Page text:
Child born with no thyroid gland, refuses blood test. Critical.
Please help with any suggestions for us. We are at the end of our rope. My granddaughter was born without a thyroid gland. From birth she has had to have blood drawn every 6 months to accurately measure replacement thyroid doses. From birth to present age, just turned twelve, she has fought, screamed, cried and always had to be held down. Now she is twelve and has just grown a lot. No longer can she be held down. Everything has been tried. Bribes, counseling, talking to her, and today tranquilizer. But to no avail. Her loving parents are just beside themselves. She will not have her blood drawn and is now out of medication at day 4. The clinic will not try on her again. The technician got her back hurt in the struggle today. Her Doctor will not prescribe meds without the test. The family, including her, were given a paper about how her illness will progress without her medication from dry, cold skin to heart failure.
She, the child, is one of the top students in her class. Very outgoing person, plays several instruments. She really tried to go through with it today, but at the moment of puncture, panicked and fought.
Surely she can't be the only child to have gone through this. If you have any ideas to help please post. We will not spank or beat. She has had privilages taken away and been made to stay in her room, to no avail, except for her crying and crying. This is making our whole family upset. We love her so. Please help. Thank you, Sivad
I am so sorry that you are all going through this. It sounds like she does understand to some extent that she really needs to do this. I think it's promissing that she at least tried this last time. I wish I had the magic answer but here are 3 things that came to mind that are not things you mentioned.
Can you call a bunch of doctors/hospitals and get their opinions about what you could do? Not just the one you're using. Perhaps talk to a specialist, even if it's not in your town, just to get their opinion on how to handle the matter.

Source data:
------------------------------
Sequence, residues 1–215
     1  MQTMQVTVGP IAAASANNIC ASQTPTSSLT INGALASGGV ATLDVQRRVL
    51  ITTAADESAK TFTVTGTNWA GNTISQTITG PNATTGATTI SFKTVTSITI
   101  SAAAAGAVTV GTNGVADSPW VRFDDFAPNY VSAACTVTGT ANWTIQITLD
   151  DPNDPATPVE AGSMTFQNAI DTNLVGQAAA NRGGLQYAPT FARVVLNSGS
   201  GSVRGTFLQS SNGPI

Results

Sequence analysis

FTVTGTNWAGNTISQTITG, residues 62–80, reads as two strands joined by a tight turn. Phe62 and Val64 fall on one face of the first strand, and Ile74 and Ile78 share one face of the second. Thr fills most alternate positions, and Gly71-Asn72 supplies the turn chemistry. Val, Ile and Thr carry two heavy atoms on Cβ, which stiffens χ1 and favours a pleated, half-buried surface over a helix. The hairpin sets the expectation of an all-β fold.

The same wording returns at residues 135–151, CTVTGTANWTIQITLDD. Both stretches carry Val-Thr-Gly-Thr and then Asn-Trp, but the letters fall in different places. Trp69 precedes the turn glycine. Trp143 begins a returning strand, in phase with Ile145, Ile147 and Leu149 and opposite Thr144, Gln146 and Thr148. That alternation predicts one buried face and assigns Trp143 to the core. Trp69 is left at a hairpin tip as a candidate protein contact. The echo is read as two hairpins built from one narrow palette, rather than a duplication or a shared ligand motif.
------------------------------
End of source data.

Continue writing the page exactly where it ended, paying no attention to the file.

Can you have her best friend talk to her? I know that might sound strange, but at 12, best friends can be more important to you than your family members. It might embarrass her if her friend doesn't already know, but she might listen to her. Maybe her friend can convince her of the critical importance of the matter. I fought the reality of a lesser medical condition at that same age, and it wasn't until my mom had my best friend talk to me that I did something about it. And my best friend came with me to the doctor. It really helped with my fears.
What about hypnosis? I don't know much about it. I don't know if they can do it on people her age. But it may be a way to teach her brain to relax enough to allow the blood to be drawn whenever she needs to. This obviously wouldn't be an immediate answer.
These are all shots in the dark, but maybe they will trigger more thoughts of how you can handle this. Again, I really feel for you. Please let us know what happens.
Another thing that's extreme, could you have a doctor knock her out? I hate to go there, but if it's really that severe, maybe that's the answer. Like in sedation dentistry they just give you a pill and you go to sleep for a little while. Again if she had a friend there to help comfort her and tell her when she woke up that all that happened is that she slept for a little while. I don't know.
"Go slowly, breathe and smile" Thich Nhat Hanh
If she is going to die without the test then I would have her put under. Maybe the gas the dentist uses? Then I would put her in counseling to help her prepare for her next blood test in 6 months. She may have some PTSD over all her traumatic past tests.
What about that stuff that numbs the area? I don't know if they use it for blood draws or just IVs, but I know there's something that doctors can use for kids to numb the skin (it's either a cream or a patch). Is there a children's hospital in the area that she could go to? Or could you call one to get suggestions?
DS has to have his blood drawn once a year and we INSIST that they use the numbing stuff. Otherwise we'd have to hold him down, plus he has hard to get to veins like me, so I'd hate to have them digging around there like they do to me without some numbing stuff. The nurse puts the ointment on about half an hour to an hour before we go down to the lab. It works wonders.
Thanks everyone for your helpful suggestions. The parents finally got the Dr. to prescribe another 30 days, so we bought some time, which is helpful especially over the holidays. Still the 30 days will go fast and we have to have the answer by then.
Your suggestions are wonderful and encouraging for the parents, my son and his wife.
Keep them coming if you think of anything. Thanks again, Sivad